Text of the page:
professional purposes: Web-based survey study. Journal of Medical Internet Research mHealth and uHealth, 7(11), e15195. https://doi.org/10.2196/15195
Mishra, S., Dhuna, N., Lancki, N., Yeh, C., & Larson, D. N. (2022). Telehealth utilization and
patient satisfaction in an ambulatory movement disorders center during the COVID-19 pandemic. Journal of Telemedicine and Telecare, 1357633X221146819. https://doi.org/10.1177/1357633X221146819
Rutledge, C. M., & Gustin, T. (2021). Preparing nurses for roles in telehealth: Now is the time.
The Online Journal of Issues in Nursing, 26(1). DOI: 10.3912/OJIN.Vol26No01Man03
Thanks for sharing your experience before Electronic Health Records (EHR). I had the same experience working at a nursing home when I first graduated. It was very time consuming to document on paper manually, and I would be at work for almost 2 hours extra after end of shift. Most of the nurses who had been working there for almost 15 to 20 years ,thought it was a tactic for me to get paid for extra hours. This led to many problems for me, fresh out of nursing school and having no guidance from the senior nurses. I took my time because it was my first time doing anything like that and I did not want to make any mistakes. That was many years ago, and I am so grateful EHR is available for nurses now, especially in bigger hospitals like the one I currently work at with the large amount of data we have to deal with.
With EHR, protecting patient privacy is important (Abouelmehdi et al., 2018).
Telehealth is promising just like you mentioned. Providing care remotely is something we saw a lot during Covid 19 (Skiba, 2017). For those who just need to see the doctor for some minor consultations or yearly checkups, this works perfectly. But for those who need the doctor to physically assess something on their body, this might not be ideal. Sometimes, the doctor needs to physically touch something or physically see it to make the right diagnosis as you mentioned as well.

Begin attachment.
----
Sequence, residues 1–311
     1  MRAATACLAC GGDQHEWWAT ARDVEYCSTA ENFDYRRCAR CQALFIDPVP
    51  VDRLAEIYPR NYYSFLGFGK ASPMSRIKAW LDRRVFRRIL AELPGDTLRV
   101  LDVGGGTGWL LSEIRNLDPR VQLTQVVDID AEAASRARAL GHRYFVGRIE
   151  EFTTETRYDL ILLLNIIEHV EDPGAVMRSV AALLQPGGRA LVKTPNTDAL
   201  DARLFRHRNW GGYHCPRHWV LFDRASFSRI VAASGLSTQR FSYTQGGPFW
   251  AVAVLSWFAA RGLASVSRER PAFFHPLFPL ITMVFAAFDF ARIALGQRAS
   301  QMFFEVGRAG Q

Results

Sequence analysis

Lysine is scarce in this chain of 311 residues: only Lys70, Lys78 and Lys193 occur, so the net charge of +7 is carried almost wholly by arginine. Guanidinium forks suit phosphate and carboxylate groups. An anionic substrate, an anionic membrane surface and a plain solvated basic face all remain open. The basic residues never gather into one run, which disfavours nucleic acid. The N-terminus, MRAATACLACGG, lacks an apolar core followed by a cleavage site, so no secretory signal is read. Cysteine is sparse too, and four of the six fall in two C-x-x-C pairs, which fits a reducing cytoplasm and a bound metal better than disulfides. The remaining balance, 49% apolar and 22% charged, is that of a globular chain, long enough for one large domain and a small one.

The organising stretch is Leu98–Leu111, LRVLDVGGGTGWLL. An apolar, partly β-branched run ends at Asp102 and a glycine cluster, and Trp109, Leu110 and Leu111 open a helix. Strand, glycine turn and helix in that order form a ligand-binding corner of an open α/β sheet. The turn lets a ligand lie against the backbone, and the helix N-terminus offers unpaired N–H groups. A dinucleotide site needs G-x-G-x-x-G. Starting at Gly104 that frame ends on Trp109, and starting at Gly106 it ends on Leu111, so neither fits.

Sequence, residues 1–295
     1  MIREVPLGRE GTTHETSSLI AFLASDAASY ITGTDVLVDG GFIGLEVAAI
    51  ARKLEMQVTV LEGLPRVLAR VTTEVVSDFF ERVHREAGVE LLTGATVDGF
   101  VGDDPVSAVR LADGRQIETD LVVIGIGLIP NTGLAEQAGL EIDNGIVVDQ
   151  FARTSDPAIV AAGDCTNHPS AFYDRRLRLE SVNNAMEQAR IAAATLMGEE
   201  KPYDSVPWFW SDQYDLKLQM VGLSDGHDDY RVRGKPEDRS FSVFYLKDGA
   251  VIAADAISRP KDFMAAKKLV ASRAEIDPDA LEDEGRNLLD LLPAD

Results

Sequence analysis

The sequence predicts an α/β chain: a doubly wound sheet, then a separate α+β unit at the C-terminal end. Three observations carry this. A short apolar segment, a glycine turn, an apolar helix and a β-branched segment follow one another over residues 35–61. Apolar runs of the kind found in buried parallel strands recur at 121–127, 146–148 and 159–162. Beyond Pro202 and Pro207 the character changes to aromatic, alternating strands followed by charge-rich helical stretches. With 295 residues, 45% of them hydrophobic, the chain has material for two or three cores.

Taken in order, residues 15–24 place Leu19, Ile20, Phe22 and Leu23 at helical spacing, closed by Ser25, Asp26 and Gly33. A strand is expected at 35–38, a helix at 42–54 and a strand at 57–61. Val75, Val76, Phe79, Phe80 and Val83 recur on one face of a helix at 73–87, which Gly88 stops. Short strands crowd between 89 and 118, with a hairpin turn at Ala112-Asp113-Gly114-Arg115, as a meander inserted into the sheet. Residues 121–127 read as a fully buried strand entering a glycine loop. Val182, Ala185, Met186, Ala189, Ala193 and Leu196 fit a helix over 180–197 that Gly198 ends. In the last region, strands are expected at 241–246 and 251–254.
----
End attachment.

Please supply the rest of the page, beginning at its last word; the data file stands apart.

Abouelmehdi, K., Beni-Hessane, A. & Khaloufi, H. (2018) Big healthcare data: preserving security and privacy. J Big Data 5, 1. https://doi.org/10.1186/s40537-017-0110-7Links to an external site.
Skiba, D. (2017). Evaluation tools to appraise social media and mobile applications Links to an external site.. Informatics, 4(3), 32–40.
I reckon that the potential risk while using EHR is data breaches of sensitive patients’ information. With the continued advancement of electronic health records (EHRs), there is increasing concern that a potential loss of documentation integrity could lead to compromised patient care, care coordination, and quality reporting and research as well as fraud and abuse. (The American Health Information Management Association., n.d.). The patient’s confidential material can often be accessed by licensed and unauthorized employees of the healthcare companies which leaves the patient’s health information without protection. Fortunately, it is known that by failing to keep patient records private, your organization could face substantial penalties under HIPAA’s Privacy and Security Rules, as well as potential harm to its reputation within your community. Most importantly, patient safety and care delivery may also be jeopardized (AHA, n.d.). Despite its advantages and continuing shortcomings in the healthcare industry, electronic health records have significantly contributed to improving patient care and the provision of better patient outcomes.
American Hospital Association. (n.d.). The importance of cybersecurity in protecting patient safety | Cybersecurity | Center AHA.
The American Health Information Management Association. (n.d.). The American Health Information Management Association. Integrity of the Healthcare Record: Best Practices for EHR Documentation.